• Personalize. To align expectations with capabilities, personalize fulfillment options according to shoppers’ locations and prior shipment preferences. Saved addresses and prompts to wrap purchases can be displayed for frequent gift buyers.  

5. Reward loyalty meaningfully.

When shoppers purchase, they’re endorsing your brand and unique offerings – so capitalize on this advantage with re-engagement strategies that double down on relevance and demonstrate your expertise in ways that are meaningful on an individual level. You’ll build trust and encourage a personal connection with the brand that goes deeper than free shipping. 

  • Offer rewards that resonate. Whether or not you have a formal loyalty program, use personalization to encourage repeat purchase with tailored offers that reflect buyers’ product preferences, budgets, and shopping behaviors. In-store shoppers might appreciate free VIP stylist appointments, for example, while online buyers might prefer a free shipping coupon.
  • Value advocacy. Shoppers trust recommendations from friends and family above any form of advertising, according to Nielsen, so go beyond tallying repeat orders to recognize and reward word-of-mouth advocacy. Delight customers who give your brand a shout-out on social media or refer others with a discount offer or free extra the next time they order.


How can Personalization Software Help My Business Compete with Amazon?

To stand in contrast to Amazon’s broad-but-bland shopping experience, you need to establish a personal connection with shoppers. It’s not enough to demonstrate generic category expertise; you need to offer products and promotions that tie to specific individual needs.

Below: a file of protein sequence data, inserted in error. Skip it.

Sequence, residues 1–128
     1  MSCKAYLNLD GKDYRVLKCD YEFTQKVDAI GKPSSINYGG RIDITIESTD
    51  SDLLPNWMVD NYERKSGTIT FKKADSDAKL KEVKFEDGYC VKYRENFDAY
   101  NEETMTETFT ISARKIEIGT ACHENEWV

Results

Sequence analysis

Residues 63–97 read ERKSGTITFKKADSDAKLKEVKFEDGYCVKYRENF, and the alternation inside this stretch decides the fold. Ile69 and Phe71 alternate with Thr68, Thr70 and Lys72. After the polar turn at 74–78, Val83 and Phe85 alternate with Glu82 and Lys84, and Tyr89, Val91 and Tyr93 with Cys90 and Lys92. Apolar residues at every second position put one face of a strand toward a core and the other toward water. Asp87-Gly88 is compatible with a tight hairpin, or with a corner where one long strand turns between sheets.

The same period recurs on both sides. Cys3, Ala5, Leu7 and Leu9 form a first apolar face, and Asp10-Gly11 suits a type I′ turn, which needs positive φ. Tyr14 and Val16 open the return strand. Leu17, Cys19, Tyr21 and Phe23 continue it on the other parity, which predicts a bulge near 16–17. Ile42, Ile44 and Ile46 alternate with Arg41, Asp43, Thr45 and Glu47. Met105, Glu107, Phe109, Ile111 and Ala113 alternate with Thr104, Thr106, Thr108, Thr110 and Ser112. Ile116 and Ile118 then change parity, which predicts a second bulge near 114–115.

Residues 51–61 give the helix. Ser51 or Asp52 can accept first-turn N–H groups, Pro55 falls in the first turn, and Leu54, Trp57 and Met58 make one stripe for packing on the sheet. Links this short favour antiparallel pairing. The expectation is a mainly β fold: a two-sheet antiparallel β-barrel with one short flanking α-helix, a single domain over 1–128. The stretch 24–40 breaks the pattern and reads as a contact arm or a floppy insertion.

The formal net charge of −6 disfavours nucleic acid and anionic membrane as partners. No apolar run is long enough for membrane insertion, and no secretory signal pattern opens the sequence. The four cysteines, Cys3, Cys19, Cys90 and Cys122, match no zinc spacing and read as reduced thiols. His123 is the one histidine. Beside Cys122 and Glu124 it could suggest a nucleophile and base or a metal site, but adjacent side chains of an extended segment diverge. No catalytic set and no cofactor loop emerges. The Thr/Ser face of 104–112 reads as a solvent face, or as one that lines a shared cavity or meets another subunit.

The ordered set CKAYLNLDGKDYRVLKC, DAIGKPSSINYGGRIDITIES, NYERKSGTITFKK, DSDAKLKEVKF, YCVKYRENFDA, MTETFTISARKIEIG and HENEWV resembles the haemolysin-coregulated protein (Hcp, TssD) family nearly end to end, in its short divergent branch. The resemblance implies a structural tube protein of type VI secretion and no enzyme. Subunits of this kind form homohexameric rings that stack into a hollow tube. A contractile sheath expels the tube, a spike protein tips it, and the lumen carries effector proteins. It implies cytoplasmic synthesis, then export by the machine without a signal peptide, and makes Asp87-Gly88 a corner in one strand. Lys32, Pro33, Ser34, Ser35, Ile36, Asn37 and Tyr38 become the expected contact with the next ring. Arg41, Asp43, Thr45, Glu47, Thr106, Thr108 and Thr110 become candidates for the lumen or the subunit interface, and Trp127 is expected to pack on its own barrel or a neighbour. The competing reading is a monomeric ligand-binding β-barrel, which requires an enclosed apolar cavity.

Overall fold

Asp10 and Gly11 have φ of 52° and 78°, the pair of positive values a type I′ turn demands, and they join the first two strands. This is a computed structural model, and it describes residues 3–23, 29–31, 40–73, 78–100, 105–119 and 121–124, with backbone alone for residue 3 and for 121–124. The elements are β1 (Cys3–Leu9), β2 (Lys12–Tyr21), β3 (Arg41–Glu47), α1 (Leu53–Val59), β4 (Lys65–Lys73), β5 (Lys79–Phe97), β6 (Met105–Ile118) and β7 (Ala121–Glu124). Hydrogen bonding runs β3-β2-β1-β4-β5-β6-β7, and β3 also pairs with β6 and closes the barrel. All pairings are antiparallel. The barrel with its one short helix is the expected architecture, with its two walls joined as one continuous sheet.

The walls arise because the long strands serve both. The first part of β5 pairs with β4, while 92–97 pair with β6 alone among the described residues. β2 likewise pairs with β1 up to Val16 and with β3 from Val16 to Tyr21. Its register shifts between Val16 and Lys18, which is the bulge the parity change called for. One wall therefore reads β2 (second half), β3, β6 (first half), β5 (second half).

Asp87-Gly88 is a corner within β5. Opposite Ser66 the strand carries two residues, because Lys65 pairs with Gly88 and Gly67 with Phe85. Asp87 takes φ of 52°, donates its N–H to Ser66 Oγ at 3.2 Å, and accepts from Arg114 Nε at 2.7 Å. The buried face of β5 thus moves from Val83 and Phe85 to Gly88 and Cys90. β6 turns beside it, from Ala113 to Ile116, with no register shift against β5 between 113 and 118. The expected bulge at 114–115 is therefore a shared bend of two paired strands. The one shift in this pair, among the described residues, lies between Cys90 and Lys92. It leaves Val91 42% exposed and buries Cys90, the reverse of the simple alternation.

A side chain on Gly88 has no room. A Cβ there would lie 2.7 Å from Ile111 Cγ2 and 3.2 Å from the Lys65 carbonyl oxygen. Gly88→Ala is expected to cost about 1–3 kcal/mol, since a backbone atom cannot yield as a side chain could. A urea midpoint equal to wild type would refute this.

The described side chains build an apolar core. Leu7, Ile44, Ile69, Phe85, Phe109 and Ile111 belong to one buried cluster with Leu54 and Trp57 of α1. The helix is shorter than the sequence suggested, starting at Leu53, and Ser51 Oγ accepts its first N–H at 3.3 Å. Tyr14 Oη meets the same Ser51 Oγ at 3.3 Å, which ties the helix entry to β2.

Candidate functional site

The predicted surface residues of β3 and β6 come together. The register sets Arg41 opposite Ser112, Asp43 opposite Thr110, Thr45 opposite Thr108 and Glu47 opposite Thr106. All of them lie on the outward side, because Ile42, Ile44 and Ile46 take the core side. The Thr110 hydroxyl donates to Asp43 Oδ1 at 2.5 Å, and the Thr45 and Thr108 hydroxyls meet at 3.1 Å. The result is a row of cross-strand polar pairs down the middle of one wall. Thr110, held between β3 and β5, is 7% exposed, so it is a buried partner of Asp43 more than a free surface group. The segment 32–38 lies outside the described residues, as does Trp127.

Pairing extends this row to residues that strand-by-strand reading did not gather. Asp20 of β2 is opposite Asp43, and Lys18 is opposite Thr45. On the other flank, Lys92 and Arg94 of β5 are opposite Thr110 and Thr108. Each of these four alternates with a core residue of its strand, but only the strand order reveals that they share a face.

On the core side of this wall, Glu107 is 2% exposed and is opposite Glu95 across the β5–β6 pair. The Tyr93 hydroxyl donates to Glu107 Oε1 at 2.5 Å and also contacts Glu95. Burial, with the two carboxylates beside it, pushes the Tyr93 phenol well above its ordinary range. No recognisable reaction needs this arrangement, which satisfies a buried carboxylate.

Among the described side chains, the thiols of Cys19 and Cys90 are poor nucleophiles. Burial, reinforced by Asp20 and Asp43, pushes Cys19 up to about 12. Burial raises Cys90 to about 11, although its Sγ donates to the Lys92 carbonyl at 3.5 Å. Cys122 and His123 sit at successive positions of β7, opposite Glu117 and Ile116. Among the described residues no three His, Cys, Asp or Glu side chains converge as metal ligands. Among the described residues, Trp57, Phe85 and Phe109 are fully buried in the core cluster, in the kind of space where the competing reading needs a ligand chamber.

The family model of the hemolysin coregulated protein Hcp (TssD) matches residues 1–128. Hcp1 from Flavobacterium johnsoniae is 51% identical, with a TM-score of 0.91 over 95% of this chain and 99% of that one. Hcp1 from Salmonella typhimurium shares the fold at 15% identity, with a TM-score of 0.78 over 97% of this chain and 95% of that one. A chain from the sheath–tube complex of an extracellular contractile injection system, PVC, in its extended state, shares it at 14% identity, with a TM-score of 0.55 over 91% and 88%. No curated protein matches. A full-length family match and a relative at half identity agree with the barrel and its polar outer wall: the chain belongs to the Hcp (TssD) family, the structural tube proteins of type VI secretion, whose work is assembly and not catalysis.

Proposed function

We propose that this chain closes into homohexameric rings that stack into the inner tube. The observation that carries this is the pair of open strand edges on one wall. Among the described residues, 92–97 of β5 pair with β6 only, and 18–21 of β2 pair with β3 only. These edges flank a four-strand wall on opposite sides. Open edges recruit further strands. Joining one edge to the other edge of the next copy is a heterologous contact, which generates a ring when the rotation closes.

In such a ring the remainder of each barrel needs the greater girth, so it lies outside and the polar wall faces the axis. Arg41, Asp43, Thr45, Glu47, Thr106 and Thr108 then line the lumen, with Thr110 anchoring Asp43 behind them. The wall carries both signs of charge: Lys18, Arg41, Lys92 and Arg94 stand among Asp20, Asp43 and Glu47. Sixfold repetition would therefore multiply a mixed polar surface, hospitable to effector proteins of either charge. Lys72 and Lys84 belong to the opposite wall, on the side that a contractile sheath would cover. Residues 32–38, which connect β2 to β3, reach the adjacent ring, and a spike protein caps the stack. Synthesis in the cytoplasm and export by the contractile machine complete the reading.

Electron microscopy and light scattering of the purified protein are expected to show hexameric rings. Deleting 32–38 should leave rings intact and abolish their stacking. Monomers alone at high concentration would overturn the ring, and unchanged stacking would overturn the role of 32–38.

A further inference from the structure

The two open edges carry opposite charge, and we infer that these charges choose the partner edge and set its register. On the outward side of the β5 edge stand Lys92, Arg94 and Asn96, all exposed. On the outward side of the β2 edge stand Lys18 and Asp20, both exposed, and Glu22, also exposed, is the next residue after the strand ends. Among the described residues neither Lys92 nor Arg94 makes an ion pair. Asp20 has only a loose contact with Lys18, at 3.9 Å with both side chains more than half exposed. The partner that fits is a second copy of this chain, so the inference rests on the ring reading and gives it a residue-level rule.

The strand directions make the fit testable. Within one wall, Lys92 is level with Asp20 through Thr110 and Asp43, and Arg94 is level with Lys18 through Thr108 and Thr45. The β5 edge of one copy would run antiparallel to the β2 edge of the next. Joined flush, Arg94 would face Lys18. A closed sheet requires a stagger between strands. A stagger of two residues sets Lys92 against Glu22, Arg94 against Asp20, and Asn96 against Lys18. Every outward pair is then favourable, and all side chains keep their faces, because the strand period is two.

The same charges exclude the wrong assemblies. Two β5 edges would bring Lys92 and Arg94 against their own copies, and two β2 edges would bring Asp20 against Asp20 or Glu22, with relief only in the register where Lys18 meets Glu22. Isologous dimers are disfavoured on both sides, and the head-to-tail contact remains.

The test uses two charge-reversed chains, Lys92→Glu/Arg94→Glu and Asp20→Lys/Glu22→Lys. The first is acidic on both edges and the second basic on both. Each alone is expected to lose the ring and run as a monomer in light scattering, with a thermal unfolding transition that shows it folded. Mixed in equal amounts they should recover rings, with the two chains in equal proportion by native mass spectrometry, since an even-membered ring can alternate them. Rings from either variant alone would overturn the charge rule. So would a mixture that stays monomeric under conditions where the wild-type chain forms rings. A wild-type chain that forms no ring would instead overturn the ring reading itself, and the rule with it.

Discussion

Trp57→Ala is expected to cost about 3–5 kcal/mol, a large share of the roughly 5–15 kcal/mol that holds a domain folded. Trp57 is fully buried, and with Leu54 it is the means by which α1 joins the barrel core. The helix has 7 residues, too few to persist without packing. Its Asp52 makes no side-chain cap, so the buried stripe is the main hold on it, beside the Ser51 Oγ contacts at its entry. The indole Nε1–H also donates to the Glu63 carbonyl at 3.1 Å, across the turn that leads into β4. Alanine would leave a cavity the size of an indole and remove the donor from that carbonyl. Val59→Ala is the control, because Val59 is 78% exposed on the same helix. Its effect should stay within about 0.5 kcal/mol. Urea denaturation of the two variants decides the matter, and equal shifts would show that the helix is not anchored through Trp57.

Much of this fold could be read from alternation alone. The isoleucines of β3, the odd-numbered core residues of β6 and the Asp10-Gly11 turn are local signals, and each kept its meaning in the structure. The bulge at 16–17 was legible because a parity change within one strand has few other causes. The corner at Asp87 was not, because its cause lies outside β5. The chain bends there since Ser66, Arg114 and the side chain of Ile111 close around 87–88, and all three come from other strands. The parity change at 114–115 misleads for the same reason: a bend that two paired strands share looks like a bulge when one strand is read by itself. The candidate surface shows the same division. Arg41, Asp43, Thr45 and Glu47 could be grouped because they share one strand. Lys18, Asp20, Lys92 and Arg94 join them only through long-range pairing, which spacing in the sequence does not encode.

That’s where personalization software can help. Monetate’s personalization platform leverages AI to infuse the entire online shopping experience with real-time relevance. Your brand’s unique value shines at every stage on the path to purchase:

  • Tailored product discovery: Using personalized site search and interactive tools such as style profile builders and gift finders, you can connect shoppers with the right products and content faster than generic tools. 
  • Responsive browsing and research: As shoppers explore products on your site, their activities signal preferences and priorities. With real-time personalization capabilities, you can dynamically tailor product assortments and present relevant content so the experience becomes more intimate with every click. 
  • Context-aware ordering features: By leveraging location and device data, you can display nearby order pickup locations and offer streamlined checkout flows tailored to touch screens.
  • Irresistible re-engagement: Using initial purchase data, you can offer highly relevant opportunities for customers to reconnect. Helpful how-to content, suggested accessories or upgrades, and invitations to join your brand’s customer community online can all reflect individual preferences. 

Armed with these capabilities, you can successfully compete with Amazon and other online brands large and small. By offering deep category expertise and standout customer service with a thoroughly personal touch, you’ll earn trust, drive sales, and drive the strong brand connections that endure.